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Remanence or residual magnetism

Residual magnetism is often caused (either intentionally or unintentionally) by magnetic fields from the immediate vicinity, such as clamping tables, magnetic conveyors or induction heating. Other causes include arc welding, machining processes, cold forming and even mechanical vibrations.

The consequences of residual magnetism may be desirable, problematic or even very costly. A nut that clings to the end of a screwdriver is handy, but two products that stick together in a mould disrupt production, resulting in financial losses. Other possible consequences of undesired magnetism: a coarse surface after galvanization, welds that only penetrate on one side, rapid wear of bearings, or metal chips that stick to the parts.

These consequences can be avoided by demagnetizing the material.

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Measurement of quantity of magnetism in materials

The simplest manner to determine whether magnetism is present is with a paperclip. By attaching one to a thread and dangling it above the surface you can locate the magnetic areas. If the product actually draws the paperclip towards it and the paperclip sticks to it, the magnetic value is at least 20 Gauss. Below 20 Gauss the paperclip will fall off, and above 40 Gauss it will be firmly held in place.

Iron filings will be held in place at levels above just 10 Gauss. This is very little, as the Earth's magnetism (depending on the location on Earth) is around 0.5 Gauss.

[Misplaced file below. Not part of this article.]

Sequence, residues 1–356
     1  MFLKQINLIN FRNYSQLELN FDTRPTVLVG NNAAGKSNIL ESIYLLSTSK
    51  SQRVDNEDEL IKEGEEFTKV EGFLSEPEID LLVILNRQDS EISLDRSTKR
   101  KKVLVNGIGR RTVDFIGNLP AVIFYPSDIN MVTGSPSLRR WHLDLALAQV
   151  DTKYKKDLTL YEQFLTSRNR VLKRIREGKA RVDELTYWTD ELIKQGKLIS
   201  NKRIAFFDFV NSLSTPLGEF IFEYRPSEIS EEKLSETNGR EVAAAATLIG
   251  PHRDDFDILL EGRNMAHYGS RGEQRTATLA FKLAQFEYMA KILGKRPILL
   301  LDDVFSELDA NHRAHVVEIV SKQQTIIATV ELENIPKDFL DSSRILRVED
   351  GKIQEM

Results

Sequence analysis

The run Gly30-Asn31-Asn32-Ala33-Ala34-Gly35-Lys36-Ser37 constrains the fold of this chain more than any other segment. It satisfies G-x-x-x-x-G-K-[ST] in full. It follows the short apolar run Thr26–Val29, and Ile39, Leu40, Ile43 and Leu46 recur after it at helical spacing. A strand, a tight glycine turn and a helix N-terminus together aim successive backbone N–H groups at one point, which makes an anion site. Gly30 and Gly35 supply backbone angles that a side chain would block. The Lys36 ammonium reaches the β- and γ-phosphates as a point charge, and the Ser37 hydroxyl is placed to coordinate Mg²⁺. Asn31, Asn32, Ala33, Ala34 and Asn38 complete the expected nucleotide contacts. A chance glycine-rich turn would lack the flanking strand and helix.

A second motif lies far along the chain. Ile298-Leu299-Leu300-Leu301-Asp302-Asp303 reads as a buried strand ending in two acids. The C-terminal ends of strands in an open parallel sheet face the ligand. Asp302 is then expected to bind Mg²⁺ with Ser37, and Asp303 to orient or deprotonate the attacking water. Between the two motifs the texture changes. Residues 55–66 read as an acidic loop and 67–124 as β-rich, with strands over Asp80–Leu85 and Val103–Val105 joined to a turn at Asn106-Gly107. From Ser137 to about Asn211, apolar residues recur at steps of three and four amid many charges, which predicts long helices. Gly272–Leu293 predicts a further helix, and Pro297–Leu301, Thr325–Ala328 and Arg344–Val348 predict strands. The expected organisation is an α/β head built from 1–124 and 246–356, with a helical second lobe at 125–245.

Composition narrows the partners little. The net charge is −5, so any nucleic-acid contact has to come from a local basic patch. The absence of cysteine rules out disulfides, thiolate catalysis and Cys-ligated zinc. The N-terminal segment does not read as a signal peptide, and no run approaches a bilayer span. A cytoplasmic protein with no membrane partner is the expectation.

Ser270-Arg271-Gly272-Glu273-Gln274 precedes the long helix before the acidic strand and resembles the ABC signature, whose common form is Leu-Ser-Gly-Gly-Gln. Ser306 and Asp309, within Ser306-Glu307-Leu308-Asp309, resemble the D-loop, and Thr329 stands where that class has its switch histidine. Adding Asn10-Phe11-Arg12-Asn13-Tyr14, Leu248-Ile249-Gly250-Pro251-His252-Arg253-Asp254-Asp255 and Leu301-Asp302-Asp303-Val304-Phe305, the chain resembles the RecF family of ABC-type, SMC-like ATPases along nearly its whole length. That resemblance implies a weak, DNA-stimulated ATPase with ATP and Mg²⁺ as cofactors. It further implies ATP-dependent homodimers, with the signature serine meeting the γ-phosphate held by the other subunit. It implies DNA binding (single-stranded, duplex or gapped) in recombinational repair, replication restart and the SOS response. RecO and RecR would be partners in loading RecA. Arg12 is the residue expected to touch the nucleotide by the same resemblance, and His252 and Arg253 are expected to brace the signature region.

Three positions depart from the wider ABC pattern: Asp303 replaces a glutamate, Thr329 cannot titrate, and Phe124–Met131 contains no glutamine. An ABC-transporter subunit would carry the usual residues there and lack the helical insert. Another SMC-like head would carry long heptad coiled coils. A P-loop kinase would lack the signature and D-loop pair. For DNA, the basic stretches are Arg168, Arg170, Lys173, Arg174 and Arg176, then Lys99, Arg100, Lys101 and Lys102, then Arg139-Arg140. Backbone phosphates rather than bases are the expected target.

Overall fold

Using a magnetic field strength meter it is possible to measure the exact field strength or direction of the field.

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Depending on the type, shape, dimensions, speed and quantity, there are several options available for eliminating undesired magnetism. A few examples:

More info about demagnetization

Nice to know: magnetization/demagnetization of CRT TVs and computer monitors:

The Earth's magnetic field can cause colour distortions on old CRT (cathode ray tube) televisions and computer monitors. Try holding a magnet (e.g. from a loudspeaker) near a TV screen (not too close!). You will see considerable shifting of the colours. This can also occur when you place the TV in a different part of the room or turn it to face a different direction.

These CRT colour TVs and computer monitors always have a built-in demagnetization system. This consists of a coil of copper wire wrapped in a particular way around the metal shielding of the CRT. In the case of a television, the demagnetization is often only performed when the mains power is switched on. Sometimes there is a button on the device and/or on the remote control. Computer monitors have a button or a control function ('degauss') with which you can demagnetize the components in and around the CRT.

If you have a problem with colour distortion on your old CRT TV, you should try switching it off for a half hour (not just stand-by; remove the plug from the socket) and then switch it on again. You will then hear a loud 'boing' sound, which is caused by the demagnetization process. If you do not hear the 'boing' and you are having problems with colour shifting, you should call a repair service, because something is broken.

Modern flat screen monitors, video projectors (beamers) and flat TVs are not affected by magnetic fields, so they do not have a demagnetization system.